As highlighted in our ‘Vision for the Future of Airline Distribution’ white paper, we have introduced partner branded storefronts to the Skyscanner marketplace through our Direct Booking capability. This feature enables a rich and differentiated shopping experience to be delivered for our users, and gives partners the opportunity to offer ancillaries and control branded messaging.
This is particularly important in the current era of ancillary-supported airlines. As established Full-Service Carriers (FSCs) face increasing competition from Low-Cost Carriers (LCCs), and attempt to meet the challenge by separating the offer options from the fare itself, the percentage of revenue from ancillary options has increased drastically. It has almost doubled since 2010, and today’s top ten airlines generate as much as 46% of their sales from ancillary revenue.
“The economic boon of ancillary revenue has proven to be a highly useful tool to fix airline finances. It delivers profit-boosting results during times of severe economic distress, and works effectively to lift profits even higher when airlines are achieving investment-grade margins. But airlines should tread carefully. A la carte pricing works best when consumers are truly free to choose the product that best meets their needs.”
— CarTrawler and IdeaWorks, Worldwide Estimate of Ancillary Revenue
As the dependency on ancillaries grows, they will become increasingly important to companies competing in the aviation space. Ultimately, an optimised approach could be the difference between winning and losing in the industry.
The key to optimisation
Airlines have already begun enhancing their offerings in line with what their customers want and need – and they have reaped substantial rewards from this approach. Not only are optional add-ons being sold, but product bundles are being designed as offers to entice users. For example, a seat, a drink and Wi-Fi might be made available at a reduced price.
However, few have mastered ancillary merchandising. Managing to create and communicate the right mix of options at the right price and at the right time can be complex, as it requires a combination of customer insights, forecasting and modelling. Nevertheless, great opportunity awaits those who can dedicate resources to the ancillary demand forecasting, price sensitivity modelling and ancillary price optimisation.
Ancillary demand forecasting
By leveraging customer data, past purchase data, competitive pricing and demand forecasting models, it is possible to predict the popularity of different ancillary products.
Price sensitivity modelling
By analysing how a change in the price of ancillaries impacts demand, it is possible to predict ancillary sales at different price points and maximise profits.
Ancillary price optimisation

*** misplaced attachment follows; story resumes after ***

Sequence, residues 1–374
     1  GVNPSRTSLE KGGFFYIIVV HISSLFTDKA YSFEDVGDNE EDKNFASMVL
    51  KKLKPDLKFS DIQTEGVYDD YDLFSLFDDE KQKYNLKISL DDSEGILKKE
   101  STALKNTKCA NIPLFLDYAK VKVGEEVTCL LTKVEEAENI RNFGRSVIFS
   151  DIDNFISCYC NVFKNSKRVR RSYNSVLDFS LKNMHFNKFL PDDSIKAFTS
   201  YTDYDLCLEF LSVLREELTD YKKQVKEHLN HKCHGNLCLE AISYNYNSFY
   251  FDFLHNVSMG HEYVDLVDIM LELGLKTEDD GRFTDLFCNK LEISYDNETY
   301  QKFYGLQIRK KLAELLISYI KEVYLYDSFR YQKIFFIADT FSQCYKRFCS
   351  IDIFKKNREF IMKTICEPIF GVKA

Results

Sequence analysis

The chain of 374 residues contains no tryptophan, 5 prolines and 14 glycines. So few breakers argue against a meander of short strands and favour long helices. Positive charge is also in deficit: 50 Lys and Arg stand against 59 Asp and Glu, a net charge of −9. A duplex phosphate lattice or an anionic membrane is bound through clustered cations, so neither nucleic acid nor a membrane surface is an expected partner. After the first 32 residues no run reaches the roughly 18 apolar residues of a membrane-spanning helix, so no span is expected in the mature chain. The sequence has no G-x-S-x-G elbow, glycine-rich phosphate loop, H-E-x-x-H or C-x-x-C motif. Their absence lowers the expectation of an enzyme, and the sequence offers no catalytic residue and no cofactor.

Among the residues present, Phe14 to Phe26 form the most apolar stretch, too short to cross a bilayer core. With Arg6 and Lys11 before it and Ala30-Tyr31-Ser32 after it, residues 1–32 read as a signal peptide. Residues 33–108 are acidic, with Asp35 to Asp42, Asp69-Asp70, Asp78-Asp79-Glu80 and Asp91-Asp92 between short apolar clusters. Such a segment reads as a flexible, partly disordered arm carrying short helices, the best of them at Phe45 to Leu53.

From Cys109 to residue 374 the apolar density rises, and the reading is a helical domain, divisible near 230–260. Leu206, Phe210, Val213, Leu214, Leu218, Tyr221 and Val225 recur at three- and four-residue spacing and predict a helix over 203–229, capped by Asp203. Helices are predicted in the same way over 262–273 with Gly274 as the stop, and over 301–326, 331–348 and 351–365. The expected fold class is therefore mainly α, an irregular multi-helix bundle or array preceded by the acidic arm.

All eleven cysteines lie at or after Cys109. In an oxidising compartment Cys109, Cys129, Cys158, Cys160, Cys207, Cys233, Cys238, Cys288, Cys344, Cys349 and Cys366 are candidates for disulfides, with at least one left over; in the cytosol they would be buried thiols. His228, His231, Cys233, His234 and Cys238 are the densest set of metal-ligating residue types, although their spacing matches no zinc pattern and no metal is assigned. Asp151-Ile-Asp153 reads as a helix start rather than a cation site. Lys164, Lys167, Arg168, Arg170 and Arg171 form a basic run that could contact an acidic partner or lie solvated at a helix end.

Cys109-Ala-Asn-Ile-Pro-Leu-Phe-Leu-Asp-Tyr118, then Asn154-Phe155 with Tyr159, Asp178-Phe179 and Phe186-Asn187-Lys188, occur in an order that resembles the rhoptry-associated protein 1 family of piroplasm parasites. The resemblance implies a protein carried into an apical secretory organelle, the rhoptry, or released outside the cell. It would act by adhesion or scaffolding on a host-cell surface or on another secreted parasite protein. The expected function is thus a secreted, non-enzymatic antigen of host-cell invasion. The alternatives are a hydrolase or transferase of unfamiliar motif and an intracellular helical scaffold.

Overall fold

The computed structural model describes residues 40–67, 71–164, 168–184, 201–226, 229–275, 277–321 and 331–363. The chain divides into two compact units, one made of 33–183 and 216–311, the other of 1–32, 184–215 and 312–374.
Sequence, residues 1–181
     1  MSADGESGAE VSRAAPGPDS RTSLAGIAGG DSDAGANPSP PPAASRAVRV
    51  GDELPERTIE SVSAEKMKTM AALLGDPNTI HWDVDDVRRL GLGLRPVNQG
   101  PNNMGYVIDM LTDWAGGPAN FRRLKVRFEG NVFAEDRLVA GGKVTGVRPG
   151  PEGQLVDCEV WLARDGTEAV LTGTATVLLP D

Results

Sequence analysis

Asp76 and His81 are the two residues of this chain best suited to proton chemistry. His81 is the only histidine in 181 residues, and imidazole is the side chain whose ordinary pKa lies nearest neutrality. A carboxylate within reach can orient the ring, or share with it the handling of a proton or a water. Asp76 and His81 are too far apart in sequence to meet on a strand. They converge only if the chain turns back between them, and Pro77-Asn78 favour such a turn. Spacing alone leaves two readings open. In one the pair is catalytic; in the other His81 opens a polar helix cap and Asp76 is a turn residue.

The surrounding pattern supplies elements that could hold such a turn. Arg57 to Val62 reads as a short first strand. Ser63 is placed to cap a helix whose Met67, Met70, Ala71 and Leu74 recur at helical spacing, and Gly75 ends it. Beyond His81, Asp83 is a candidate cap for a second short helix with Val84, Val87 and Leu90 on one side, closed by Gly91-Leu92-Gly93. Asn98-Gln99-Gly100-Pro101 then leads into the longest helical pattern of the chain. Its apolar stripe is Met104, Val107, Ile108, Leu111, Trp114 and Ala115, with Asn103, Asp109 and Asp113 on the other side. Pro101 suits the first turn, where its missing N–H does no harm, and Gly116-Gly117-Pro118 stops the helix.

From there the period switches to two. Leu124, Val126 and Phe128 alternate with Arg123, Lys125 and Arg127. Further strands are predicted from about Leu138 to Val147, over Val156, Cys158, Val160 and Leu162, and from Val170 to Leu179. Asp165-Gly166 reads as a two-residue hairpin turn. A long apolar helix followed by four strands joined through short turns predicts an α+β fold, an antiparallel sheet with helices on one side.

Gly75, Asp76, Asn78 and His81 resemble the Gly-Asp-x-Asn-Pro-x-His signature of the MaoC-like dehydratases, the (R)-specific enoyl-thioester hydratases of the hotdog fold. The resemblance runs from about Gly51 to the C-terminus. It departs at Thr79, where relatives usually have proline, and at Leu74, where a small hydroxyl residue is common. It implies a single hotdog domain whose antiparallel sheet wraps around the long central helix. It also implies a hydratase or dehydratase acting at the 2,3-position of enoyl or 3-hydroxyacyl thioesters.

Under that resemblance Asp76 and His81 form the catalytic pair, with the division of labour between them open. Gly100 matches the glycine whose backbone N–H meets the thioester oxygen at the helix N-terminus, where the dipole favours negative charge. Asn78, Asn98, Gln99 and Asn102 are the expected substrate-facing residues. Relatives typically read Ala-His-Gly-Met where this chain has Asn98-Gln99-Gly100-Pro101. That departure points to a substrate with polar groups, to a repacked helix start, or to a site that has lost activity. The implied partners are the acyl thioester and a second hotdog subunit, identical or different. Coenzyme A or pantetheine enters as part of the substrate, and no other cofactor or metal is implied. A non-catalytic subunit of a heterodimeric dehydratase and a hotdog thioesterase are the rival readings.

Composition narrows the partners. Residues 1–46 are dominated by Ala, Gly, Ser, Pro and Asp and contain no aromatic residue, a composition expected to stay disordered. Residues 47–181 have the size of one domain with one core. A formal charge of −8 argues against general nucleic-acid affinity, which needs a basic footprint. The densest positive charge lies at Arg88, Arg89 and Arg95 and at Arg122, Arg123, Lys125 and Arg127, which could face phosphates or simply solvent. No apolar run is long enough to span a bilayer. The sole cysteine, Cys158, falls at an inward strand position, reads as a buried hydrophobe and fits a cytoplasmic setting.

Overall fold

By combining the demand forecast, price elasticity and competitive pricing data, it is possible to identify the optimal ancillary price and offering combination (e.g. what should be sold as an add-on, what should be sold in a bundle).
It shouldn’t come as a surprise that data is the key to ancillary optimisation. Analytics have taken hold across the travel ecosystem, informing more decisions than ever before and helping to improve performance. Some US airlines, for example, have had great success in pushing customers towards more profitable fares by unbundling their offering and selling basic economy fares. Airlines with these fares have found that more than 50% of passengers opt for higher priced tickets with services bundled.
Having said this, a lot more work needs to be done by travel suppliers to cater for the users gravitating towards “one-stop-shops”, and enhance performance through a truly customer-centric and personalised approach.
Driving performance with personalisation
According to a report commissioned by Amadeus, 26% of travellers are more likely to respond to messages tailored to their personal interests, and 22% of travellers are more likely to respond to promotions that are specific to their location.
Now that travel suppliers can collect and analyse more data than ever before, it is essential to ensure that it is captured, stored and shared to create a single, unified traveller profile that enables targeted merchandising. This is important not just in the sale of ancillaries, but throughout the customer journey, on direct and indirect channels. Even areas such as pricing can be made dynamic using user characteristics and triggers such as loyalty card membership. By integrating these dimensions with a personalisation strategy and techniques, travel businesses can increase offer relevance, conversion and revenue.
Finally, it is worth noting that personalisation is set to become even more important as travel providers move deeper into the end-to-end experience space. Sending timely and relevant notifications throughout the traveller journey via their mobile, for example, provides an opportunity to capitalise on the needs of users on-trip as well as pre-trip – but only if you get it right.
Delivering value – and gaining profits
Evidently, travel providers need to adopt a retail oriented mentality to ancillaries. Using data to understand how to optimise ancillary revenue and the differing user profiles, trends and needs is a great first step. However, the travel retailers that prosper will be those who invest more in the personalisation of the user journey across their channels, and the delivery a unique, one-stop, digital shop for travellers. Enhancing revenues and profitability for themselves.